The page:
Summer Quick Hits (with the Award for the Most Eyebrow-Raising Article Title of the Year)

Trying to recover from summer vacation (Alaska = thumbs up, especially during a summer heat wave) and gear up for a new school (and blogging) year, so here are a few quick hits from recent articles:

Two articles highlight several HAIs that aren’t often included in surveillance and prevention efforts:

  • Len Mermel has a nice systematic review in CID examining the burden of bloodstream infection related to short-term peripheral venous catheters (a.k.a. peripheral IVs – not midline or PICCs).  Used in a substantial number of hospitalized patients (esp. as we’re better about central line necessity), these devices have a much lower risk of BSI when compared to central venous catheters (2-64 fold higher risk for CVCs); however, given the vast number of devices used (Len estimates ~200 million adult patients in the U.S. annually), the number of BSI events are likely high. A number of interesting details are in the paper, so worth checking out. 
  • A nice commentary out of the UK in Lancet Respiratory Medicine advocates for an increased focus on healthcare-associated pneumonia, particularly that which occurs outside of the ICU (and is not ventilator-associated). 

Both of these papers highlight HAIs that are not in the “Big 5” (CLABSI, CAUTI, SSI, MDROs/C. diff, and VAE) but cause patient harm.  Broadening an IP surveillance and prevention program to include these events does have some challenges, however.  The worry about objective surveillance definitions that came to a head with VAP certainly applies to HAP, and the volume of patients at risk for a PIV-related BSI invites the need for an automated system for surveillance.  Nonetheless, with reductions in the Big 5 (well, except VAE as I’m still not sure how to tackle that one), it’s perhaps time we look to expand our scope.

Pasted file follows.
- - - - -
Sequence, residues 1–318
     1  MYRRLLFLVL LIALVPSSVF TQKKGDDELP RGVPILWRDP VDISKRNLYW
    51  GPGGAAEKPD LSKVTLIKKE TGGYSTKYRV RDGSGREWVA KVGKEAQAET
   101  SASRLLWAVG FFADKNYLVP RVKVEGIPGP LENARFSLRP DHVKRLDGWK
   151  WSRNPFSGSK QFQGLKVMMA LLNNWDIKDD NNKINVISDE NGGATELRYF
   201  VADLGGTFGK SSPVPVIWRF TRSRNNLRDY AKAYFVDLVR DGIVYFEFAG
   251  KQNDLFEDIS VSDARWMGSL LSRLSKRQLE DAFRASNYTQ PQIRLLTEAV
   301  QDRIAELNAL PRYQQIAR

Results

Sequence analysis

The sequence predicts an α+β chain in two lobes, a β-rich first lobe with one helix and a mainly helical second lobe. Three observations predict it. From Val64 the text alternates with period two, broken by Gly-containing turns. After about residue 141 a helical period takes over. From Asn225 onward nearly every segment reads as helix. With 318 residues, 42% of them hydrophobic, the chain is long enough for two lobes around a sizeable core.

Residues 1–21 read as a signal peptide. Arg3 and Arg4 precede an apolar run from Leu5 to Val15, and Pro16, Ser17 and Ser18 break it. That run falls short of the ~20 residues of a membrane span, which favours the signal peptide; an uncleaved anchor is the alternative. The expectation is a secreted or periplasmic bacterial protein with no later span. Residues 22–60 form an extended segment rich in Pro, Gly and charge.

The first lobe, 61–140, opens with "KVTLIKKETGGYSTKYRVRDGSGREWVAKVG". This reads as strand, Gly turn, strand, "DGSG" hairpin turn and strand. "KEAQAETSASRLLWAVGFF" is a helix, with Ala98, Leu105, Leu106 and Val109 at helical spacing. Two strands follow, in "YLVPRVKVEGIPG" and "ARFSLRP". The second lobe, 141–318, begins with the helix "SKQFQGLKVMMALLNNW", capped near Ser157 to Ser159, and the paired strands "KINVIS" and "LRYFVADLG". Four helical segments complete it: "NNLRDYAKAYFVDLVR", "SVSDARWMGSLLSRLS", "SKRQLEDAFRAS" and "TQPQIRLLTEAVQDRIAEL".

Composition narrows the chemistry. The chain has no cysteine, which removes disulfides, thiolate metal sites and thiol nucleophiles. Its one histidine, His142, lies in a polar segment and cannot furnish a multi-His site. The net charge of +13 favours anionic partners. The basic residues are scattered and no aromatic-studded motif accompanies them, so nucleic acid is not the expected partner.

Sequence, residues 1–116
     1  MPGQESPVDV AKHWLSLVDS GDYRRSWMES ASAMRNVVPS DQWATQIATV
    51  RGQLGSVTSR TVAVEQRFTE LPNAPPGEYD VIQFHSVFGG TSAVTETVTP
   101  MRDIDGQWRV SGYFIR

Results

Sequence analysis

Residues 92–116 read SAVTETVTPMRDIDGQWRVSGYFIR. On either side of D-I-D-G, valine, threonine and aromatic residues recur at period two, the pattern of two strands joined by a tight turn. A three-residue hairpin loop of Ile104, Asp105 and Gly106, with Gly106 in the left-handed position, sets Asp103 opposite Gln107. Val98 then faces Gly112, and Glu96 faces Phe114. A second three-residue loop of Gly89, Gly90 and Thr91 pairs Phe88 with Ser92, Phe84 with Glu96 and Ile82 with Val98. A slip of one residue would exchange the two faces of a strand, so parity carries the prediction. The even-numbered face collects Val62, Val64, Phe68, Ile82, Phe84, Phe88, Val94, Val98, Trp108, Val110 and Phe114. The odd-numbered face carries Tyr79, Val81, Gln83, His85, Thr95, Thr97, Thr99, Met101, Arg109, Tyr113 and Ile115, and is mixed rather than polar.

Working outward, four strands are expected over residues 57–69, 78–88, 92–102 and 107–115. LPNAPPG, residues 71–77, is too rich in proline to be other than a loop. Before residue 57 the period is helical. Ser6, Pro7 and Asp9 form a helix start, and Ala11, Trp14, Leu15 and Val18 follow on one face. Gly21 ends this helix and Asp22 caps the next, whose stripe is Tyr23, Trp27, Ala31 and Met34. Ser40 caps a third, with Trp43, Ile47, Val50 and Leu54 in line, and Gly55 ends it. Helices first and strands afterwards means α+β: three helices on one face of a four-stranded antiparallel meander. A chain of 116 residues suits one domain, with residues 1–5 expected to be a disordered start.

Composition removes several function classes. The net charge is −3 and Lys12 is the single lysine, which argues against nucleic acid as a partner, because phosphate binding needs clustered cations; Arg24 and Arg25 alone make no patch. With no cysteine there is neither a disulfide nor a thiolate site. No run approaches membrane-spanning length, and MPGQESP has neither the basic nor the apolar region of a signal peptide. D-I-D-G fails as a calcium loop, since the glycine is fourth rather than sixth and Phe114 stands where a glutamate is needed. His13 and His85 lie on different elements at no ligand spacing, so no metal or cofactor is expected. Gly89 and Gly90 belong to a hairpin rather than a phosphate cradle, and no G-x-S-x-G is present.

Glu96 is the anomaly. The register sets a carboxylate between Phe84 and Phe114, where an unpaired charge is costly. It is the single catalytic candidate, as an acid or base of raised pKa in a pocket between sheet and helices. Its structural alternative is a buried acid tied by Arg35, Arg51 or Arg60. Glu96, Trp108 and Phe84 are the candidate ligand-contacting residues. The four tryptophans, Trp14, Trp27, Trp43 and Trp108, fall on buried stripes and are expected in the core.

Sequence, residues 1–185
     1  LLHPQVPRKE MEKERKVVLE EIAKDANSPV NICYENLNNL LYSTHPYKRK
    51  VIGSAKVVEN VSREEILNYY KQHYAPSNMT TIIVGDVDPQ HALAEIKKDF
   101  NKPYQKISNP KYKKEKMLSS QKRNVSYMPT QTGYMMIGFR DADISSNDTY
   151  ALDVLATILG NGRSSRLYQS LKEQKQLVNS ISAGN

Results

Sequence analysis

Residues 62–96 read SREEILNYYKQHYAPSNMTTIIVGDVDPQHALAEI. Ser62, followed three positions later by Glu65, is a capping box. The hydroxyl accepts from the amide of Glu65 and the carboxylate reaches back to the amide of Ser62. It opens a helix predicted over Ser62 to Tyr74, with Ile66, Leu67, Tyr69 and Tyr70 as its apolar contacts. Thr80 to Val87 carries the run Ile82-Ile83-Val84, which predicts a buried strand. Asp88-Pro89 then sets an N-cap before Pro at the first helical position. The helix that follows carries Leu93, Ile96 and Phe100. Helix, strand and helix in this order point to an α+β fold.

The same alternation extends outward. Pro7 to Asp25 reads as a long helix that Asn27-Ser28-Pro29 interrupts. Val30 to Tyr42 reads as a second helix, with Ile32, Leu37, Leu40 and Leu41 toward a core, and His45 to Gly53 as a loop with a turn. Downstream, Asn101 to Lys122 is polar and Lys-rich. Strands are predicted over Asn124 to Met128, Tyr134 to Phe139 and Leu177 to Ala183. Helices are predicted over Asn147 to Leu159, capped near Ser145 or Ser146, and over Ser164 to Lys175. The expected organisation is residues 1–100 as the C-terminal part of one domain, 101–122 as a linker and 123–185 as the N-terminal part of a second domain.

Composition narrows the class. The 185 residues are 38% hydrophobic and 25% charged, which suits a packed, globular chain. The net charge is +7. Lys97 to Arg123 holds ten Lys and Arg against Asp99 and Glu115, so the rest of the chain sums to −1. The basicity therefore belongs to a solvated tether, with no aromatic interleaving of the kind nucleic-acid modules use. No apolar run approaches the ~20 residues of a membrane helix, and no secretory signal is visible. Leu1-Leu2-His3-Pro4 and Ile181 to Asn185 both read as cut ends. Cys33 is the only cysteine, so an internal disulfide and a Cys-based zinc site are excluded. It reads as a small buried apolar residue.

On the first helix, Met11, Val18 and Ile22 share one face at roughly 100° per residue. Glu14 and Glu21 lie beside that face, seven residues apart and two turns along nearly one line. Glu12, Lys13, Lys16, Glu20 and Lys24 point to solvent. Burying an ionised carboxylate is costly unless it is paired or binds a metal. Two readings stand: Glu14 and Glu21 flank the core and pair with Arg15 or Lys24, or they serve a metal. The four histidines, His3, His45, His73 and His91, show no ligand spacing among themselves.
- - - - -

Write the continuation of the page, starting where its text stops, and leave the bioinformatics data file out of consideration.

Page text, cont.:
Finally, a paper that wins the award for the most eyebrow-raising title of the year: “Hematophagous Ectoparasites of Cliff Swallows Invade a Hospital and Feed on Humans.”  Try reading that without saying “What?? Gross.”  The authors outline their nosocomial “outbreak” of two ectoparasites related to a massive swallow roost on the outside of a community hospital.  One inpatient noted a rash illness, and testing of ticks and bugs identified the presence of human blood in 17% of the captured critters.  Hospital invasion!  Feeding on humans! Talk about a riveting agenda for your next infection prevention committee meeting!

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